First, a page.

FIGS. 4A and 4B illustrate cross-sectional views of the transducer of FIG. 3 in the relaxed and contracted state, respectively.

FIGS. 4C and 4D illustrate plan views of the transducer of FIG. 3 in the relaxed and contracted state., respectively.

FIGS. 5A-5F illustrate side cross-sectional views of a microelectromechanical transducer according to the present invention during intermediate fabrication steps.

FIGS. 6A-6L illustrate side cross-sectional views of a microelectromechanical transducer according to the present invention during alternative intermediate fabrication steps.

FIG. 7 illustrates a front perspective view of the structure of FIG. 6L.

FIG. 8 illustrates a schematic cross-sectional view of a microelectromechanical transducer which is capable of expansion and contraction according to the present invention.

FIGS. 9A and 9B illustrate the transducer of FIG. 8 in a contracted and expanded state, respectively.

FIG. 10 schematically illustrates a perspective view of the transducer of FIG. 8 in a spiral configuration for linear expansion and contraction, along the direction of the spiral axis.

FIG. 11 schematically illustrates a perspective view of the transducer of FIG. 8 in a spiral configuration for circular expansion and contraction about the spiral axis.

DETAILED DESCRIPTION OF PREFERRED EMBODIMENTS

The present invention now will be described more fully hereinafter with reference to the accompanying drawings, in which preferred embodiments of the invention are shown. This invention may, however, be embodied in many different forms and should not be construed as limited to the embodiments set forth herein; rather, these embodiments are provided so that this disclosure will be thorough and complete, and will fully convey the scope of the invention to those skilled in the art. In the drawings, the thickness of layers and regions are exaggerated for clarity. Like numbers refer to like elements throughout.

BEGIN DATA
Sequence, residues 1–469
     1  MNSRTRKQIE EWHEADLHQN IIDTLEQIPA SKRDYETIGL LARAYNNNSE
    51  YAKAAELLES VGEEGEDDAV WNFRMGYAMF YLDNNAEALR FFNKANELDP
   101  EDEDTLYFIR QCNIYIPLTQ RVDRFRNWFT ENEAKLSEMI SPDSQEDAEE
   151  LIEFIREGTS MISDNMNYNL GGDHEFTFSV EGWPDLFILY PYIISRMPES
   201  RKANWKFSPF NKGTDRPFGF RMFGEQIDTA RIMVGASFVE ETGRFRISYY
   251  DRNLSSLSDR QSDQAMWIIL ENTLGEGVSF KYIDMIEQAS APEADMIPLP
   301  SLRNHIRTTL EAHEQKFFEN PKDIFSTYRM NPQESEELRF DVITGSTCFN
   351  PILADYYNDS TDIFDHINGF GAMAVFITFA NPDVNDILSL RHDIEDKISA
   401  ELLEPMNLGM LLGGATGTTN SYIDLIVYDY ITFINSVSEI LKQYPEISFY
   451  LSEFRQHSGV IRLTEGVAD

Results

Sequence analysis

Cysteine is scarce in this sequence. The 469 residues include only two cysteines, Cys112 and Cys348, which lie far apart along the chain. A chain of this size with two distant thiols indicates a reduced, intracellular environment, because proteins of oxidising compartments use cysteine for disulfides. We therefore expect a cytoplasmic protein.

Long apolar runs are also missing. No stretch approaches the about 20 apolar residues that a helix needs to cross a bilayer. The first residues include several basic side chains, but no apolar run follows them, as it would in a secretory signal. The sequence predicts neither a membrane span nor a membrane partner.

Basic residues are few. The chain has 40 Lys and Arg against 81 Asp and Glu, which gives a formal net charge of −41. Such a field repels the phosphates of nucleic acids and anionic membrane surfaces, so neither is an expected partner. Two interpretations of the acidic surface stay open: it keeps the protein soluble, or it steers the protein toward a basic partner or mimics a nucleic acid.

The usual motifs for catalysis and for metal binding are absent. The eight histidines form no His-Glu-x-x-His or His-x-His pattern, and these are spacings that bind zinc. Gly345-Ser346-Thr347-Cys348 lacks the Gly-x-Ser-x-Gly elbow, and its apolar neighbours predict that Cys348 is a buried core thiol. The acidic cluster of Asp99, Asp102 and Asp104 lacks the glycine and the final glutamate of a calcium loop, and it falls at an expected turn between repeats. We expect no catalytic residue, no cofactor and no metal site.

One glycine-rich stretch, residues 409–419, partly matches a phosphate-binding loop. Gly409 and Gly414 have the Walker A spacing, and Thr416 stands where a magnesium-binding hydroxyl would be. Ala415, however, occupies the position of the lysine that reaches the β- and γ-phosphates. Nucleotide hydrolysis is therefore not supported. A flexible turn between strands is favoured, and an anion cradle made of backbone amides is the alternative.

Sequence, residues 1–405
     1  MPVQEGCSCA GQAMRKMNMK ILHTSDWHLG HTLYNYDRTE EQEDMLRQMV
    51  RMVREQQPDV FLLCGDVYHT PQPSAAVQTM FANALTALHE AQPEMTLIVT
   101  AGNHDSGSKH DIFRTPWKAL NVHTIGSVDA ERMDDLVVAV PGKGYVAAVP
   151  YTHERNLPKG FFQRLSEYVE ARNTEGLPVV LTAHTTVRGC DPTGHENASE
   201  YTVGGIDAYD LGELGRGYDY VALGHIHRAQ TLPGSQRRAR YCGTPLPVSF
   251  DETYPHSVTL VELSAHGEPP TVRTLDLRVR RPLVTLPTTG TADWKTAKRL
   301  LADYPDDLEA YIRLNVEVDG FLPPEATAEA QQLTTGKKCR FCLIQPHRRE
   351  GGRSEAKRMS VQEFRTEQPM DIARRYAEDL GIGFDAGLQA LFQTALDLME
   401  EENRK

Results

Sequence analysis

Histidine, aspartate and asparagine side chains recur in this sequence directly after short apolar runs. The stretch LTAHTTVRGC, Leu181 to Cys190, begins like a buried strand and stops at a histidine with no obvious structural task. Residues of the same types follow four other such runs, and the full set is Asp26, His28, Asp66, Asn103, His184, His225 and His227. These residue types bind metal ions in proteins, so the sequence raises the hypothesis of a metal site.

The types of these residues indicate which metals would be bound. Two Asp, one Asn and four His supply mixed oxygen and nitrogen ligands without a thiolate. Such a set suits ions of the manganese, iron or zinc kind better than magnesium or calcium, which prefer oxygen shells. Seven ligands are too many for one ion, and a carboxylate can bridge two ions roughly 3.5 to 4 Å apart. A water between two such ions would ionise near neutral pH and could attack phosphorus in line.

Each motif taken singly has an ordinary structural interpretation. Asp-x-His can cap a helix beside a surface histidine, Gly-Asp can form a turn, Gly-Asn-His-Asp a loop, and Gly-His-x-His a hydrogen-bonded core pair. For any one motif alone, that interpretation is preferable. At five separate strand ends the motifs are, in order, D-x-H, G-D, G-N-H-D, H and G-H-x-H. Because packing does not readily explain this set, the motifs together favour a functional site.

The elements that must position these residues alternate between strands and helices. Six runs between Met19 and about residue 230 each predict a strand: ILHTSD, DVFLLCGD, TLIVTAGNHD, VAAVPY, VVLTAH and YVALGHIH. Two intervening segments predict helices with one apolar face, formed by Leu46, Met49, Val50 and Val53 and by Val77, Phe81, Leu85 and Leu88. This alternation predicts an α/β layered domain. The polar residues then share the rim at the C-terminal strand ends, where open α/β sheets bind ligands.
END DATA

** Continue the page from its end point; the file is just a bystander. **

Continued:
Referring now to FIG. 1, a front perspective view of a microelectromechanical transducer according to the present invention is shown. As shown in FIG. 1, transducer 10 is formed of a sheet 11, preferably a flexible dielectric or insulating sheet such as polyimide, having a first (top) face 11a and a second (bottom) face 11b. A plurality of spaced apart folds or pleats 12 are formed therein, to define a plurality of spaced apart walls 13c, 13d. As shown in FIG. 1, two pleats are formed between each pair of adjacent spaced apart walls. However, it will be understood by those having skill in the art that a single pleat can be used to form a pair of walls having v-shaped cross-section, and more than two pleats can be formed as well. Each wall 13c, 13d includes a first side 13a formed of the first face 11a of sheet 11, and a second opposing side 13b formed of the second face 11b of sheet 11.